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Kickstarter

Kickstarter is an American public benefit corporation based in Brooklyn, New York, that maintains a global crowdfunding platform focused on creativity. The company's stated mission is to "help bring creative projects to life"; as of December 2019, Kickstarter has received more than $4.6 billion in pledges from 17.2 million backers to fund 445,000 projects, such as films, stage shows, journalism, video games, technology and food-related projects. People who back Kickstarter projects are offered tangible rewards or experiences in exchange for their pledges; this model traces its roots to subscription model of arts patronage, where artists would go directly to their audiences to fund their work. Kickstarter launched on April 28, 2009, by Perry Chen, Yancey Strickler, Charles Adler; the New York Times called Kickstarter "the people's NEA". Time named it one of the "Best Inventions of 2010" and "Best Websites of 2011". Kickstarter raised $10 million funding from backers including NYC-based venture firm Union Square Ventures and angel investors such as Jack Dorsey, Zach Klein and Caterina Fake.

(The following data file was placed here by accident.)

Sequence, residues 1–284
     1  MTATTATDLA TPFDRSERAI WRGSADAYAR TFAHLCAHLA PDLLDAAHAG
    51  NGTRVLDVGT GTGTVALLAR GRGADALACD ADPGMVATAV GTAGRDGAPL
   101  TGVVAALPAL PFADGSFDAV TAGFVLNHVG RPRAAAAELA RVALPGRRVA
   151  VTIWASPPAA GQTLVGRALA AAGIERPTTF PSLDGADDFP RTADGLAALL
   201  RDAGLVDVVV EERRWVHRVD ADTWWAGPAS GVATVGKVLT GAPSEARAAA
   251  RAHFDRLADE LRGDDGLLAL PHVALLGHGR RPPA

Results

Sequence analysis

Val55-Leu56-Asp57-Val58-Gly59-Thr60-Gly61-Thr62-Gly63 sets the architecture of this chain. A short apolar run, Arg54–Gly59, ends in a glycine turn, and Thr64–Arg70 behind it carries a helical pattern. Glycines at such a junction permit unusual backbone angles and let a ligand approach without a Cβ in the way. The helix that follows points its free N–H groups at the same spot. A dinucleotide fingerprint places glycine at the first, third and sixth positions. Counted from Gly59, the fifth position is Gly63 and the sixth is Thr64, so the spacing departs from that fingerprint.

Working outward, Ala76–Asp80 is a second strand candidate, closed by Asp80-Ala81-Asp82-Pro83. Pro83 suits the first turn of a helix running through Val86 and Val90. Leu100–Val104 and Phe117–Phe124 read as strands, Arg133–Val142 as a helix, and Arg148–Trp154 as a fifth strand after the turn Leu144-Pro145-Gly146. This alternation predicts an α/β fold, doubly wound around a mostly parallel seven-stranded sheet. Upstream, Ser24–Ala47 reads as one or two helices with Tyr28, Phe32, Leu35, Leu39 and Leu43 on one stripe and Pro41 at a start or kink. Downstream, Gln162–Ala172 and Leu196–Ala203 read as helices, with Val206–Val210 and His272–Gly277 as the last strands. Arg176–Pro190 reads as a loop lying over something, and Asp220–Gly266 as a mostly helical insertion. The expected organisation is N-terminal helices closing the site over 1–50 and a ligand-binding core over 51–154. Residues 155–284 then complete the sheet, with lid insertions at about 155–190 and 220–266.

The company is based at 58 Kent Street in Greenpoint, housed in part of the former Eberhard Faber Pencil Factory. Andy Baio served as the site's CTO until November 2010. Lance Ivy has been Lead Developer since the website launched. On February 14, 2013, Kickstarter released; the app was aimed at users who create and back projects and was the first time Kickstarter had an official mobile presence. On October 31, 2012, Kickstarter opened projects based in the United Kingdom, followed by projects based in Canada on September 9, 2013, Australia and New Zealand on November 13, 2013, the Netherlands on April 28, 2014, Ireland and Sweden on September 15, 2014, Germany on April 28, 2015, France and Spain on May 19, 2015, Belgium, Italy and Switzerland on June 16, 2015, Singapore and Hong Kong on August 30, 2016, Mexico on November 15, 2016 and Japan on September 12, 2017. In July 2017, Strickler announced his resignation. Kickstarter is one of a number of crowdfunding platforms for gathering money from the public, which circumvents traditional avenues of investment.